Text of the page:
Indio Date Festival showcases Middle Eastern motifs
For a period of ten days every February, the Indio fairgrounds in Southern California are transformed into a festive carnival celebrating the bounty that is the date harvest. Date palms were first imported to the Coachella Valley from North Africa in the 1920s. Today the vast groves constitute a lucrative sector of the regional economy, producing a varied crop, from Medjool and Deglet Noor dates, commercially available to most Americans in supermarkets and specialty stores, to the lesser known delicacies such as the Barhi, Dayri, Halawy, Khisab, Thoory and Zahidi varieties.
Over the years the annual date festival has attracted millions to Indio, otherwise a sleepy desert town located 100 miles southeast of Los Angeles. They come to watch the camel races, take in the nightly performances of episodes from the Arabian Nights, be entertained by local belly dancers, or line up for the finale, a Sunday parade complete with marching bands sporting kafiyyas and floats resembling magic carpets. At the heart of the parade, Date Queen Scheherazade and her princesses smile broadly, waving to the multitudes lined up along Arabia Boulevard, while members of the Shriners zigzag behind them in miniaturized vehicles to the delight of the crowd.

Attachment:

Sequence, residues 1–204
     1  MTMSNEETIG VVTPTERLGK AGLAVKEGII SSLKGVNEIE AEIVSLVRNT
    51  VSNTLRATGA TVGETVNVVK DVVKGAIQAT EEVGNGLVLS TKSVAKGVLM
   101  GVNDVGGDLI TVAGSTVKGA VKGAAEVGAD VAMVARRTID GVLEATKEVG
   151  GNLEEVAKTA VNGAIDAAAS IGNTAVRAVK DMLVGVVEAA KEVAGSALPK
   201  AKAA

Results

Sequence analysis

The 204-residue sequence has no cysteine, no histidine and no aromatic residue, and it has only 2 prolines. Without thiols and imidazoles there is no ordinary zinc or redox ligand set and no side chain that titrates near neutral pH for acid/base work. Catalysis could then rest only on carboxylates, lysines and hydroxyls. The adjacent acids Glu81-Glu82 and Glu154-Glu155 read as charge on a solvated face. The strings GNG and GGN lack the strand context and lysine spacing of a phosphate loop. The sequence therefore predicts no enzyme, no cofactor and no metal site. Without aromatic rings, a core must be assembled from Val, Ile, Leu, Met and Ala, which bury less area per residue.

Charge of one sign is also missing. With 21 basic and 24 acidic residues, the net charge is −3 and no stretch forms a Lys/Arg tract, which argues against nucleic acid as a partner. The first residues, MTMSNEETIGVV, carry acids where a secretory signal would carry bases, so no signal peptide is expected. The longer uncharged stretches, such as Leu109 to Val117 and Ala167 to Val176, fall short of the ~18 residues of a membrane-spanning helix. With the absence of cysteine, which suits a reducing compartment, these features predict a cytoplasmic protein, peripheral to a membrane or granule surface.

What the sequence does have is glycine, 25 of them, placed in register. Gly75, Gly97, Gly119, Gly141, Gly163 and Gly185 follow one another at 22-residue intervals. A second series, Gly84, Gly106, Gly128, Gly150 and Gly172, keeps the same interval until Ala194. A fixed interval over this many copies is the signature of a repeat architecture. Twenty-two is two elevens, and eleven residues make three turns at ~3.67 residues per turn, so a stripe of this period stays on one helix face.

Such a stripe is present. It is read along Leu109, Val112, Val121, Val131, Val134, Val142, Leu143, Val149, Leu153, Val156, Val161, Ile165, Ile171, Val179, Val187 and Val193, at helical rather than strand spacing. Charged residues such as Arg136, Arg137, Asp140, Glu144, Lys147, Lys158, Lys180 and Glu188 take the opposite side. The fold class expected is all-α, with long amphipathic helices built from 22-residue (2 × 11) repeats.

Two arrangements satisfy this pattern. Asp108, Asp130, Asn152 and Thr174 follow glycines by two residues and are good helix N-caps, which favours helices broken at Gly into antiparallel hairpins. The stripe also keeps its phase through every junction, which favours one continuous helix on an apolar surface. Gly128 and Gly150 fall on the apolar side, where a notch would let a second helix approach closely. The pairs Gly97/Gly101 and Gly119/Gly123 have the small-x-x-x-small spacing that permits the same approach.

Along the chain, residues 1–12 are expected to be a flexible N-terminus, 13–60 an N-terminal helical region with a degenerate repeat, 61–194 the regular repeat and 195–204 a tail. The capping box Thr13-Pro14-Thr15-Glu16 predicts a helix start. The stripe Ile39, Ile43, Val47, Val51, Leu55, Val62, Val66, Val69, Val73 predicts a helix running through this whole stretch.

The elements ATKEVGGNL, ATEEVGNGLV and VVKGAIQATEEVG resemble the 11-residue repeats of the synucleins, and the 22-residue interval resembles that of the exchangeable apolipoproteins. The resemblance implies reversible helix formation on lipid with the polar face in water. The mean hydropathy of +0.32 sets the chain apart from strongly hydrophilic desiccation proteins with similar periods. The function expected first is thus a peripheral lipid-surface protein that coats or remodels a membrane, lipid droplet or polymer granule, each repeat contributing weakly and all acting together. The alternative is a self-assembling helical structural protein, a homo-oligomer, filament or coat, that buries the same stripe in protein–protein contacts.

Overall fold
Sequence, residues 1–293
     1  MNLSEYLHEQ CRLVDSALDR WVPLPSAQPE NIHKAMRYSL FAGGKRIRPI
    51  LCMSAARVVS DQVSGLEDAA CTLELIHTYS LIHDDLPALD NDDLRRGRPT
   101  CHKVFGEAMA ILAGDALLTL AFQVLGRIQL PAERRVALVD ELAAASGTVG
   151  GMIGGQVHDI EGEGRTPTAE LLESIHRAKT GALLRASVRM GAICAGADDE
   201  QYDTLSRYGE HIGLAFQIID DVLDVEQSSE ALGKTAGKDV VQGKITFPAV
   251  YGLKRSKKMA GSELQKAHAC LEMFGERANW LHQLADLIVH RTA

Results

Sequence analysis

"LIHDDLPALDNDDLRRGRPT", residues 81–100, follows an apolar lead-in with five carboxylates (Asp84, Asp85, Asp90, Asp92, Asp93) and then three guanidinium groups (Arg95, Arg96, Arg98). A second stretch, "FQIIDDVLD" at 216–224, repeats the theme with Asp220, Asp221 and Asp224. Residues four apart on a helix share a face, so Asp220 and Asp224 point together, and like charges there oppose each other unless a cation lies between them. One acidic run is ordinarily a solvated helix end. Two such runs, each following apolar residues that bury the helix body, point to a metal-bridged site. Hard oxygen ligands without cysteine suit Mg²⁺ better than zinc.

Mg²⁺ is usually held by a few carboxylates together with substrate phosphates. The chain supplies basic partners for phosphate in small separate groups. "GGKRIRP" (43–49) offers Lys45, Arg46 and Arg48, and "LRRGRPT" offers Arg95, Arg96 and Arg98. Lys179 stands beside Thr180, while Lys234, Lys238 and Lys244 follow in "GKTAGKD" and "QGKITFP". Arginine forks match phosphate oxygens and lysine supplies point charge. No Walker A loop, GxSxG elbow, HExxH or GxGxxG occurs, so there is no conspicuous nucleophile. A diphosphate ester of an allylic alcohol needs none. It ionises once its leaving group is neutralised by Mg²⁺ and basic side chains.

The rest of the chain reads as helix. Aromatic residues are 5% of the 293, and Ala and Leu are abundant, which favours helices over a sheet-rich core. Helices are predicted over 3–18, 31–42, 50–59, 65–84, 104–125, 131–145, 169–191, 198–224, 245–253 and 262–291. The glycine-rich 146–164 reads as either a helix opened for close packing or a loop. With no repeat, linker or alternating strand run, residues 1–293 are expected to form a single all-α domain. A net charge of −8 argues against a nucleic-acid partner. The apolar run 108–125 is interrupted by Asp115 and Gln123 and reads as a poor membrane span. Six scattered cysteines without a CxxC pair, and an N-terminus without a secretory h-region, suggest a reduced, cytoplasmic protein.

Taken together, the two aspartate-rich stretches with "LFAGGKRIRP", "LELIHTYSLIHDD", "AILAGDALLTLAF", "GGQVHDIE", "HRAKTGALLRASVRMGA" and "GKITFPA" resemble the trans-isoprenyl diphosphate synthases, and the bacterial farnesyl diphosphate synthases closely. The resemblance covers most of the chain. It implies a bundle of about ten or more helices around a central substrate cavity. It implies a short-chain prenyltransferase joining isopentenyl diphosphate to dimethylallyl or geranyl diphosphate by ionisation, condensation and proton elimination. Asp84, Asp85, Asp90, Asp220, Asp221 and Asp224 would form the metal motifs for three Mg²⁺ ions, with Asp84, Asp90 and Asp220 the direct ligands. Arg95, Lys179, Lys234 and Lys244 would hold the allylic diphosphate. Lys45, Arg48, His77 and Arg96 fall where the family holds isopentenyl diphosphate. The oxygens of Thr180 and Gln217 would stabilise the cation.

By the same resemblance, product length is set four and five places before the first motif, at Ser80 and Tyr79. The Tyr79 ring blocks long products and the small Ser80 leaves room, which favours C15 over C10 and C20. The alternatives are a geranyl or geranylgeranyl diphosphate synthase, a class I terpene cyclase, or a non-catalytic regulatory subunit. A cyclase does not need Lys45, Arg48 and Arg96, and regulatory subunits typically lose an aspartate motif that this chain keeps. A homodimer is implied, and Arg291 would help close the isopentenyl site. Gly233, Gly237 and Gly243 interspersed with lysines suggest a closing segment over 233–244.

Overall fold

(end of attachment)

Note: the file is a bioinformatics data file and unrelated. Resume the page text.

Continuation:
The festival and parade are part of a broader living tradition of Orientalism that is integral to American popular culture and is manifested in a variety of ways in Southern California and the western United States. Common notions about the Middle East on this continent can be traced to the popularity of the Arabian Nights fables, made accessible by their translation into English in the mid-19th century. Images and perceptions originating from the Thousand and One Nights were further popularized in the US via expositions and world fairs, beginning with the one held in Chicago in 1893. These fantastic and exotic notions of the Middle East were subsequently picked up by early Hollywood filmmakers. The discovery and unveiling of the tomb of King Tut in 1922 ushered in a comparable wave of Egyptomania which still persists today, together with the fetishization of Arabian motifs, particularly in the realms of architecture, entertainment, marketing and consumerism.
Published: Monday, May 10, 2004
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